When in a product communications mindset it is hard to resist the temptation to tell everyone about everything you have all at once. Certainly, for marketing and lead-generation it is important for customers to know about the full range of products relevant to them. But highlighting a few at a time can be powerful in creating engagement with the company and building a brand. Just as a good TV series sets up some themes for the next episode, or a thriller leaves clues for exploration in later chapters, we can create narrative arcs that satisfy immediate corporate and customer needs for resolution, as well as sow seeds for future stories.

For example, when creating media campaigns for a leading telephony company I created a narrative arc that explored the current difficulties faced by customers using help-lines, showed how new products were solving these issues by offering new ways to interact, and then suggested emerging trends that would deliver still greater choice and quality of service in the future, plus a few pointers to ongoing research in these areas.

The car’s NOT the star

There used to be a programme on the BBC called the Car’s the Star and like most automotive TV programmes it purported to make cars the focus of the show. Most B2B and tech communications campaigns operate on the same principle. The product leads. However, in reality what makes these shows popular are the people and the anecdotes/situations that discussion about the car stimulates.  The same is true for effective PR around products. The product should not lead – it should be the resolution. Once the tension and the narrative momentum have been established, then the product can be introduced as the answer.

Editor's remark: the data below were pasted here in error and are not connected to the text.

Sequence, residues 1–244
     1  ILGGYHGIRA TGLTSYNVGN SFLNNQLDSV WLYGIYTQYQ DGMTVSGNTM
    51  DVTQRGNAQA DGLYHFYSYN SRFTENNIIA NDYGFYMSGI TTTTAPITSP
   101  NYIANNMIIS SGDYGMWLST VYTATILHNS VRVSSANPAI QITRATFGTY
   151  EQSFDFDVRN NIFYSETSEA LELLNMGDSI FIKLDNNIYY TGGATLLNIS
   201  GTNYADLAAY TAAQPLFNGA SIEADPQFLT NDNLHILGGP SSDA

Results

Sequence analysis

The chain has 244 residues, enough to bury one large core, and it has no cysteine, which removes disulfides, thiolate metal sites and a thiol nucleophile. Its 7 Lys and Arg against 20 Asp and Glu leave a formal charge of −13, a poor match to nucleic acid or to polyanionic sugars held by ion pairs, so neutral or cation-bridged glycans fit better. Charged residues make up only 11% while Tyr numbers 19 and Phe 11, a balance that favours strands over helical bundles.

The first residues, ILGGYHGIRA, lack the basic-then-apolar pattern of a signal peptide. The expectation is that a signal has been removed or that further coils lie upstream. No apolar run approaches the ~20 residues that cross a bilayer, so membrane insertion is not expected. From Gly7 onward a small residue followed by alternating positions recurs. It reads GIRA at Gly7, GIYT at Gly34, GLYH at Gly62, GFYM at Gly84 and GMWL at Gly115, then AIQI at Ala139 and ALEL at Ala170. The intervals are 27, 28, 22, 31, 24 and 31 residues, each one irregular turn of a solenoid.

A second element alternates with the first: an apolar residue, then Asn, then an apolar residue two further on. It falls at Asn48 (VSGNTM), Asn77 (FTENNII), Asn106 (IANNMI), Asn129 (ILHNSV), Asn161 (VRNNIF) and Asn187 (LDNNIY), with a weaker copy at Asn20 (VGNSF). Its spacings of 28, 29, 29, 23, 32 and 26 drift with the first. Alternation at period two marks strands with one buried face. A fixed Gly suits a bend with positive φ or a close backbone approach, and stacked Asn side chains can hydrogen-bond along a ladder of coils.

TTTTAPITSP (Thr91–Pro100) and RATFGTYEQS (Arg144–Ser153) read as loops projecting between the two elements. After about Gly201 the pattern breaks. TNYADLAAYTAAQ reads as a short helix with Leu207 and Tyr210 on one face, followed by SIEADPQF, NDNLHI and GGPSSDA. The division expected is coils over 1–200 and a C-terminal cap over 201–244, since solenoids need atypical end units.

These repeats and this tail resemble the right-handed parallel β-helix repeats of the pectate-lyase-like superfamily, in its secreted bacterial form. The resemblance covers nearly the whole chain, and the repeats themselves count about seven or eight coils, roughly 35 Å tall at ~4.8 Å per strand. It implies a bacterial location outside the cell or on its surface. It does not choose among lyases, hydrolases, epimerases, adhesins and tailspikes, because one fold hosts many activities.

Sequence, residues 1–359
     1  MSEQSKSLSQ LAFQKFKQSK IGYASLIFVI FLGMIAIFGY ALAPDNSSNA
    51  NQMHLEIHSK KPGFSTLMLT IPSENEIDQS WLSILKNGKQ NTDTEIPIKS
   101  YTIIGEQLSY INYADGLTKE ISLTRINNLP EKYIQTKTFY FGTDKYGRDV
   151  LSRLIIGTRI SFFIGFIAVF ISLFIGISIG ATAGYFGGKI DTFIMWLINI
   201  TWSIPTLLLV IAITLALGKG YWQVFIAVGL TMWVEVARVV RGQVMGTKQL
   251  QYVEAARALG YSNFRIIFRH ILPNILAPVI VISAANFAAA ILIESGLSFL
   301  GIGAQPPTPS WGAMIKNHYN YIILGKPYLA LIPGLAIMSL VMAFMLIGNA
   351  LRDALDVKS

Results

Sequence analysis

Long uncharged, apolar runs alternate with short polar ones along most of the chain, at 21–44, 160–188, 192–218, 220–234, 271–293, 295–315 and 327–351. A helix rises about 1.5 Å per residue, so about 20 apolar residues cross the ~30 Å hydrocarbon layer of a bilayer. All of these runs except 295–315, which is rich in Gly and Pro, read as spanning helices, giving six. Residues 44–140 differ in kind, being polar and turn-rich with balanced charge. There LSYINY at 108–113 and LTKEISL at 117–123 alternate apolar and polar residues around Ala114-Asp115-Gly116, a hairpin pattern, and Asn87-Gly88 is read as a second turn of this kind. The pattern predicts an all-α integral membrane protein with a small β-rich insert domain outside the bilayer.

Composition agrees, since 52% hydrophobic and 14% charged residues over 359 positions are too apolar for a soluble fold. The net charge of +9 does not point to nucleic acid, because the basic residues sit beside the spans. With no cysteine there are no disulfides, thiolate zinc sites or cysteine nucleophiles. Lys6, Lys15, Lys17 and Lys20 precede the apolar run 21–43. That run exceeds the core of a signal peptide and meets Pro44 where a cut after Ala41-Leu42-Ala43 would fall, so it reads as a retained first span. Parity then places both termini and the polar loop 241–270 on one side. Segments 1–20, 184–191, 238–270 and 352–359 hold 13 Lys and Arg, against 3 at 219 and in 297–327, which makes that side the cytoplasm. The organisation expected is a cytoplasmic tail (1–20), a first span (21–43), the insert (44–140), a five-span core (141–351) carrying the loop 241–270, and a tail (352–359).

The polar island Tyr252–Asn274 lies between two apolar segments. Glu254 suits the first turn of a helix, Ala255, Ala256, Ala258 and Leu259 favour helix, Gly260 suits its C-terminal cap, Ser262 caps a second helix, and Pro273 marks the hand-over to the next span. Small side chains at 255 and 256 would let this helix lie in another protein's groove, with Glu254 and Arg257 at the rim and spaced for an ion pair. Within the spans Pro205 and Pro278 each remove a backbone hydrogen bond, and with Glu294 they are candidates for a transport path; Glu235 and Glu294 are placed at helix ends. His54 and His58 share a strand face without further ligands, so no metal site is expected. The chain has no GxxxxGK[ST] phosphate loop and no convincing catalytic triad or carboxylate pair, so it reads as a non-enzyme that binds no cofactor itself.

Reversing the order in this way not only creates better, more memorable and more engaging stories, but also shows audiences WHY the product matters. Once they get this, they are far more likely to be interested in WHAT it does and HOW.

This is hard to do, mainly because spokespeople tend to know, or can learn, a lot about products quite easily. There are spec sheets, customer feedback groups, design decisions etc., all of which can be packaged into detail about the product. We are all good at describing the knight in shining armour, his horse, his lance and sword etc. We are less good at describing the village and its issues – so we start with, and spend most time on, the knight.

So, to overcome this we need to spend time to imagining, articulating and recording the details of the context, the village and the values of the people there. This becomes the essentially soil in which our corporate story will grow. It not only supports our story but nourishes it and connects it to all our audiences. Take the time to set the context, establish who the story is really about, and then build tension before introducing your solution. And, think about the seeds you want to plant for the next instalment as you provide the conclusion of each chapter.

Charles Chu’s is right, conflict and drama of rules drive great stories. I believe this can and should apply to corporate storytelling as well, and that with the right guidance, thinking and preparation it can do. The results will be better stories, enhanced engagement with audiences and therefore stronger brand reputation.

Photo credit: London Theatre Direct